> 1. Their license is MIT. At least it allows us to borrow ideas > from their code for how to implement stuff in ReactOS’ console/terminal. > (I suppose that if one wants to copy entire chunks of code, that I > wouldn’t do it, I’m not sure how the licensing of the original ReactOS > console GPL code would have to change.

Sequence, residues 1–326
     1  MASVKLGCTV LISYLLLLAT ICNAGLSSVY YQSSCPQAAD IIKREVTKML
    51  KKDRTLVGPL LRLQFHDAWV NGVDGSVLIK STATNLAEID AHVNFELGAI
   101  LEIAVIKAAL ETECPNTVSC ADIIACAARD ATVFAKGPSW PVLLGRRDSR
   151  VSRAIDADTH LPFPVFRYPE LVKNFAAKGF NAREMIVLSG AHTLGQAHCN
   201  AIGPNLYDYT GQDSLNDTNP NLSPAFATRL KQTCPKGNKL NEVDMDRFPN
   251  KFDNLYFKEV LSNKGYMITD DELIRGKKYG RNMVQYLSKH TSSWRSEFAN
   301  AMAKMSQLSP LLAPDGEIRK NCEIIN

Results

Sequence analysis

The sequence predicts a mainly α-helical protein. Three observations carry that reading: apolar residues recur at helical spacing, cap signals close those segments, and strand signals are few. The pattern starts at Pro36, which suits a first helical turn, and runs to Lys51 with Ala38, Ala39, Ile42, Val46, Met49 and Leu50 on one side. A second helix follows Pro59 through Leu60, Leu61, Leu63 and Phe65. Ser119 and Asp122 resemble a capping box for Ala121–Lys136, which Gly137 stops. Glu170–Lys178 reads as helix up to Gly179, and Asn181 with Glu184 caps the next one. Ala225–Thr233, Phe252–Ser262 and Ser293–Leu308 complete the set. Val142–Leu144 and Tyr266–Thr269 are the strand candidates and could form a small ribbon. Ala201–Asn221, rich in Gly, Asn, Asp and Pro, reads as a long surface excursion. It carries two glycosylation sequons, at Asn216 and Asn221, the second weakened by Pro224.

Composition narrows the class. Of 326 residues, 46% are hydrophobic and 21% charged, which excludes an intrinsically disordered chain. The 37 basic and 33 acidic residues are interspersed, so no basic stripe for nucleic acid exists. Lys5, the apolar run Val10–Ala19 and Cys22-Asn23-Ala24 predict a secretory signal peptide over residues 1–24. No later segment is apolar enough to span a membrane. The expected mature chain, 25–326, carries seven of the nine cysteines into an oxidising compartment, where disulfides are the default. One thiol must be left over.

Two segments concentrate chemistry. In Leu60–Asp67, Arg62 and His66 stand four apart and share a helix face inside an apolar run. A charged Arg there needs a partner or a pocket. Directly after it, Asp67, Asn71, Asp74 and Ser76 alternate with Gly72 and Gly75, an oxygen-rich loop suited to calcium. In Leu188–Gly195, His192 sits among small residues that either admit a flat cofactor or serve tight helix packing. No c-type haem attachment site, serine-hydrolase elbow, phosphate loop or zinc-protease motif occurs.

We've been over-cautious with legal matters long enough, so let's get this one straight: MIT is fully compatible with any version of GPL. This is confirmed by GNU: https://www.gnu.org/licenses/license-list.en.html#X11License You can take as much code as you want from the Terminal repo and integrate it into our GPL code, as long as you add the copyright and permission notice from https://github.com/microsoft/Terminal/blob/master/LICENSE to the file header. Our work will stay GPL while those imported portions may also be used under the terms of the MIT license. > 3. ReactOS doesn’t use C++ in the console We've also been over-cautious with C++ in the past. But as we're moving to GCC 8+ and MSVC 2015+, it's also time to reconsider our usage of C++. Honestly, our project goal is hard enough as is! Let's not make it harder by clinging to C and expecting everyone to happily spend time on buffer sizes and pointer arithmetics when an STL container would do the same job. Since C++11, you finally have guarantees about STL buffers being contiguous, so std::string and std::vector have become universal alternatives to char and C arrays. On that note, has anyone tried replacing our STLport with a newer STL (such as LLVM's libc++) that is maintained and supports newer C++ features? Cheers, Colin
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